PlayStation3: 2006, Playable Demo at E3

Ken Kutaragi has said that Sony plans to have a working PlayStation3 console at next May’s E3 show – so if you’re not doing anything between 18th and 20th of May next year, you might as well get yourself to Los Angeles.

Kutaragi told a meeting of PlayStation developers, suppliers and journalists: “There has been some talk that development is not going well, but we expect to have a playable version at E3. We are pushing ahead with that schedule in mind.”

Sony have been receiving a lot of criticism lately for their PlayStation brand – the PSX has been discontinued in Japan after selling only 100,000 units, and the PSP is under scrutiny with developers citing concerns battery life and screen quality. Sony have yet to confirm what the battery life of its new handheld console will be, and it has emerged that the screen in the demonstration model costs 70,0000 Yen (€520) alone. Clearly Sony will not be able to produce a console with the same screen and will have to source another, cheaper component.

Last week Sony Computer Entertainment announced that they had changed the memory chips in in the PS3 to 256 megabit chips, down from 512. This does not necessarily mean that the console has had its memory capacity halved, doomsayers – it could mean that, with the same memory and twice the number of chips that the bandwidth has been doubled: from 25.6 gigabits to 51.2 gigabits per second.

Sony are expected to follow their usual release pattern with PlayStation hardware – the console may well become available one year after its demonstration at E3, making that May 2006. US release will follow a couple of months later, with a European launch three months or so after that. Expect worried parents queuing up trying to get one of the few models released in the UK for Christmas 2006.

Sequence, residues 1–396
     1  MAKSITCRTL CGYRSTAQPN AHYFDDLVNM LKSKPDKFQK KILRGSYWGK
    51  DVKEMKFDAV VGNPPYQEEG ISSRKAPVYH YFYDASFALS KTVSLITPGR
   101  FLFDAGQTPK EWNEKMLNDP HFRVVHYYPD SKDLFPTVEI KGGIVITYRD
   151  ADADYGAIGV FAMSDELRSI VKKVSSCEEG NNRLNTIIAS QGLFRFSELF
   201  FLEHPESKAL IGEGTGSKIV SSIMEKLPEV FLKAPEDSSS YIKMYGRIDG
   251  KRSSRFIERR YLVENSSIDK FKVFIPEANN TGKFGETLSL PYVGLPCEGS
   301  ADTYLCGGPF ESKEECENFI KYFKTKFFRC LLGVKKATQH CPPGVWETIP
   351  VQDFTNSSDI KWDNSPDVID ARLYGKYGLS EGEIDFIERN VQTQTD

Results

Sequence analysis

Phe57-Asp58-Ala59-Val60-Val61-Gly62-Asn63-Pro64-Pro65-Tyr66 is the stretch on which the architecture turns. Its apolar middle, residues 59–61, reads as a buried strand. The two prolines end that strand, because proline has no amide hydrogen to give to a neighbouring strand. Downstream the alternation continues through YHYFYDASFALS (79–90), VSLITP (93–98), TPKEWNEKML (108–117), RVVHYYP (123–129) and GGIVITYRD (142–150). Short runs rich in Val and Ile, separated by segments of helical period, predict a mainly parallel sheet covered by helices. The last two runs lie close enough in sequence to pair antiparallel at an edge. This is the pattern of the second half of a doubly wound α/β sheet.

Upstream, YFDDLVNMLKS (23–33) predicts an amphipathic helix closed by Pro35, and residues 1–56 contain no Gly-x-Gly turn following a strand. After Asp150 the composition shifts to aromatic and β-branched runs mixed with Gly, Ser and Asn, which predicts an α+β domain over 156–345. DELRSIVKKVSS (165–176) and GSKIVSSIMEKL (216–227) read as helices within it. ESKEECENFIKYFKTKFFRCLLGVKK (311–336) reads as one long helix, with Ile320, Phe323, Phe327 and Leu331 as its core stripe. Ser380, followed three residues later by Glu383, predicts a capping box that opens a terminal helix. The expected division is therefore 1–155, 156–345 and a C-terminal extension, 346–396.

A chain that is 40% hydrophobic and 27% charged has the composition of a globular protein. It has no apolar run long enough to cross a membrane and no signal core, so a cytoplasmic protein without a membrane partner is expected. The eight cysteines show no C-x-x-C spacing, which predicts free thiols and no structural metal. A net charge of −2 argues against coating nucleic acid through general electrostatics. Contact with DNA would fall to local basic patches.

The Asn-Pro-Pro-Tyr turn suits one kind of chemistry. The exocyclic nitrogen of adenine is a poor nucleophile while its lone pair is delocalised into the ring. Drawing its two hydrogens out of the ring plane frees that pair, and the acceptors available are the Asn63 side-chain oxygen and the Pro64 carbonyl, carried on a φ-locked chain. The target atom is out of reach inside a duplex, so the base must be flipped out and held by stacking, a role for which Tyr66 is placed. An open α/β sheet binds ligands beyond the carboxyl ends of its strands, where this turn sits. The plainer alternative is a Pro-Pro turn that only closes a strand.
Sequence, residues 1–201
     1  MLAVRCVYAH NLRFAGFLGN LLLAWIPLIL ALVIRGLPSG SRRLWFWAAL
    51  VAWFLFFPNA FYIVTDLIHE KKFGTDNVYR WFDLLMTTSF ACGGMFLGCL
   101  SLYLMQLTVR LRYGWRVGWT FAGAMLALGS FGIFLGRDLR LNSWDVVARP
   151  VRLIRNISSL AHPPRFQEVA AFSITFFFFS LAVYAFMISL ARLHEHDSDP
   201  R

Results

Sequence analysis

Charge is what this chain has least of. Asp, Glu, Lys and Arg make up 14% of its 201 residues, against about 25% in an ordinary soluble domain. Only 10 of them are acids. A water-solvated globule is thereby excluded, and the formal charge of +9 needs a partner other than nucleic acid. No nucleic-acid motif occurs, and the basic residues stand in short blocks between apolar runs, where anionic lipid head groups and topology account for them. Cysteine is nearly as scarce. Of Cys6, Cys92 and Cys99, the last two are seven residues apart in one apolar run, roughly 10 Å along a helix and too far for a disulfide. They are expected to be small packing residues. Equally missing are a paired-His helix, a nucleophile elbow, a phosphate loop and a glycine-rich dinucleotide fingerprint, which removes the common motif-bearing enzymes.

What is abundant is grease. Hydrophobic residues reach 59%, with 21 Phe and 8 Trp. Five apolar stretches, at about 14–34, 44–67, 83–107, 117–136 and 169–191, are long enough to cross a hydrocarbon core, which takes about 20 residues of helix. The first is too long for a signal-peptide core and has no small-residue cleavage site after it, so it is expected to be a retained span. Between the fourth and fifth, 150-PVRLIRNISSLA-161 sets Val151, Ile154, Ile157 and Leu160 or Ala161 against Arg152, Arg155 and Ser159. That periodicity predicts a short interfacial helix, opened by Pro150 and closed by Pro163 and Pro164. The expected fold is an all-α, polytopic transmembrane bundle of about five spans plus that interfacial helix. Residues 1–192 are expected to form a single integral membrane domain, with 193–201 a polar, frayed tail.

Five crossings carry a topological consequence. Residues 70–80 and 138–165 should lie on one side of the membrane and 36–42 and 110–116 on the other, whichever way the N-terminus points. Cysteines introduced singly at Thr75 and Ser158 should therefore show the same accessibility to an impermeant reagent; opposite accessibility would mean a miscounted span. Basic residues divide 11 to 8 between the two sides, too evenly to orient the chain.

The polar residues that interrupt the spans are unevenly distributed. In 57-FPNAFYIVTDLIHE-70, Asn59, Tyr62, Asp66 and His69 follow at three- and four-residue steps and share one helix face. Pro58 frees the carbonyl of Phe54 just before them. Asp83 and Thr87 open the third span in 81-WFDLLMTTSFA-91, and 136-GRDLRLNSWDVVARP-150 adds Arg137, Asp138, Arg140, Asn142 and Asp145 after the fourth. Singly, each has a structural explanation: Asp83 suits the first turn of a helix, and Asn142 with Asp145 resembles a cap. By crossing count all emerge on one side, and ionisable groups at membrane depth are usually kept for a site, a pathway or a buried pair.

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Fraser Lovatt

Fraser Lovatt has spent the last fifteen years working in publishing, TV and the Internet in various capacities, and believes that they will be seperate platforms for at least a while yet. His main interests at the moment are exploring where Linux is taking home entertainment and how technology is conferring technical skills on more and more people. Fraser Lovatt was born in the same year that 2001: A Space Odyssey was delighting and confusing people in the cinemas, and developed a lifelong love of technology as soon as he realised that things could be taken apart, sometimes put back together again, but mostly left in bits or made into something the original designer hadn't quite planned upon. At school he was definitely in the ZX Spectrum/Magpie/BMX camp, rather than the BBC Micro/Blue Peter/well-behaved group. This is all deeply ironic as he later went on to spend nine years working at the BBC. After a few years of working as a bookseller in Scotland, ("Back when it was actually a skilled profession" he'll tell anyone still listening), he moved to England for reasons he can't quite explain adequately to himself. After a couple of publishing jobs punctuated by sporadic bursts of travelling and photography came the aforementioned nine years at the BBC where he specialised in internet technologies and video. These days his primary interests are Java, Linux, videogames and pies - and if they're not candidates for convergence, then what is?